Therefore, I think there is something inside that obsessively encourages me to draw and paint, which can be unhealthy too. When I was building my business, I had to have full-time work and would draw and paint late into the evening and at weekends. It is not a learnt or encouraged behaviour, the drive is overwhelming. So, the idea that you only create when you have an idea simply isn’t true. Firstly, I always have ideas and inspiration around me (see a previous blog on how to achieve this). Secondly, I don’t think any business would survive if people only turned up to work when they felt like it; a fabulous idea, but can you imagine an accountant not turning up for work and ringing in saying “sorry Excel just doesn’t inspire me today”. Being an artist isn’t 9-5, because you still get the lightning strike of an idea and want to get it down on paper as quickly as possible, whatever time of day or night it maybe. I find being an artist is not a choice, and it borders on being obsessive, I certainly wouldn’t eat properly if I didn’t have my other half checking up on me and making me lovely food. I have to admit, if he goes away on business, Tupperware boxes containing meals are left in the freezer with the names of the day on them… all I have to do is remember to get them out in advance (still quite challenging for my distracted mind, but I do achieve it).
Artists have to be business people, we still have to do our accounts to keep the HMRC happy, advertise our products, and make them so that it is sellable (frame it etc). The admin side of the business takes up a huge amount of time, often meaning for the artist that they don’t get enough studio time they want or need, meaning overtime is often required. I think the EU directive is that you only work 48 hours on average a week – oops. Now of course I’m not complaining, I love my job, but I’m not “lucky”. I have worked ridiculously hard to get here, having part-time jobs in the past and working over an 80-hour week for several years until my health quite literally reached breaking point. My motivation isn’t financial, although I need to earn enough not to get into debt like anyone else and will work incredibly hard to achieve this. It is the drive to let the next image in my head escape, which if you read my blog regularly this is generally my concern and response to the environmental crisis, that is largely spoken about and not acted upon, enough, in my opinion.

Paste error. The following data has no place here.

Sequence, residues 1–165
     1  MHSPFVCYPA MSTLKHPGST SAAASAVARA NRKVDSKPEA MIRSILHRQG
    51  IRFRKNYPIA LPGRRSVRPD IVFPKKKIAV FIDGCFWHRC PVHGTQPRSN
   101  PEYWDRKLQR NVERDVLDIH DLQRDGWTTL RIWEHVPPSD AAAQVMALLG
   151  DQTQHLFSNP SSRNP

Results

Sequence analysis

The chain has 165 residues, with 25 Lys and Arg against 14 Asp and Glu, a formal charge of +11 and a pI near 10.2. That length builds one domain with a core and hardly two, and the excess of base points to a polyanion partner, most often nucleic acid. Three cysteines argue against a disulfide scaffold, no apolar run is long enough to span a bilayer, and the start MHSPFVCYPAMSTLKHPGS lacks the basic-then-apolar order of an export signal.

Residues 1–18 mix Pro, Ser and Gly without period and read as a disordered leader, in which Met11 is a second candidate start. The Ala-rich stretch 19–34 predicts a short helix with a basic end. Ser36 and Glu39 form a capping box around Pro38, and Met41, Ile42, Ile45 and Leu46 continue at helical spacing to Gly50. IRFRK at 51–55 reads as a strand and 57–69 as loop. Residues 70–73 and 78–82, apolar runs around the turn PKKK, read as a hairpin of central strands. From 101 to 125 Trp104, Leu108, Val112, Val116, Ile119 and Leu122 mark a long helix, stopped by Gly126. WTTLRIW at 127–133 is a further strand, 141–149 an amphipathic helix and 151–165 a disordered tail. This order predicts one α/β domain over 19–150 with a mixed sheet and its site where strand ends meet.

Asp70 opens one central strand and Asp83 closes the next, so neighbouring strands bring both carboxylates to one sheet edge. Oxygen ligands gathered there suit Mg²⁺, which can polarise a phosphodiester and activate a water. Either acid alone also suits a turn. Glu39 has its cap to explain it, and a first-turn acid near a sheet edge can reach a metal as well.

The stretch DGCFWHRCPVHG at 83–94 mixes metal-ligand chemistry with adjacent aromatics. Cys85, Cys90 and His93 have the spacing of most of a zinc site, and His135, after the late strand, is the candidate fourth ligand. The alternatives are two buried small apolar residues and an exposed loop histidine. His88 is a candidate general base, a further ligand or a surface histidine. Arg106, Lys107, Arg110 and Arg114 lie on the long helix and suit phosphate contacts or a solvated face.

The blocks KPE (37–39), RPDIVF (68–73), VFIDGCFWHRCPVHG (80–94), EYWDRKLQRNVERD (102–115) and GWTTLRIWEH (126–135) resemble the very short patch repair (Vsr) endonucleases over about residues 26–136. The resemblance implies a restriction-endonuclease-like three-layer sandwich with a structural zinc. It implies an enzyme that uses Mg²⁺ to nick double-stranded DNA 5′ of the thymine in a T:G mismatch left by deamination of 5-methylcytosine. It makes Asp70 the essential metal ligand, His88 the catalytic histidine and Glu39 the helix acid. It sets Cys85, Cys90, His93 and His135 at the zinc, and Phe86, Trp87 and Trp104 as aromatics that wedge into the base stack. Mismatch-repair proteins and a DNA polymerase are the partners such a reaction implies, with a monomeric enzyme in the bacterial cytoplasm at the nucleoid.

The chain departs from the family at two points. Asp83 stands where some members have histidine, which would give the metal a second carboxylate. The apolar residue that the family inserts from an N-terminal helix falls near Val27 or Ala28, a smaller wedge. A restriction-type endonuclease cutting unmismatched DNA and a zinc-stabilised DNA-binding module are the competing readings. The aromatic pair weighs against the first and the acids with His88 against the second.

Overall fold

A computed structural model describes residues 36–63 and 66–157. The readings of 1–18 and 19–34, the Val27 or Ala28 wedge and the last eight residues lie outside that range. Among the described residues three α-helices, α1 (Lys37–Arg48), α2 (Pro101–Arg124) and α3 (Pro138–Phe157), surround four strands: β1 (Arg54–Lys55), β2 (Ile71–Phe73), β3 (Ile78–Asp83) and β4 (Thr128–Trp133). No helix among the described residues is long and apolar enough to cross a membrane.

Currently running around in my head is the worry that the human race does not see itself as part of nature, a topic I have discussed in previous blogs. My current work is about involving the human form into my paintings of nature. This has been inspired by my amazing and tolerant model, who creates wonderful shapes with his body, so that I can combine them with the natural forms from the garden and local landscape. The latest painting is of a sunflower and a person, which is part of the “Secrets of Nature” series which is about this idea of mankind distancing themselves from nature; when in fact, we are just another mammal on the planet. Below are the images that inspired this piece, my drawings from life, sketchbook work and the painting which is still a work in progress…
Message me directly if you would like to know more about this art work by emailing me firstname.lastname@example.org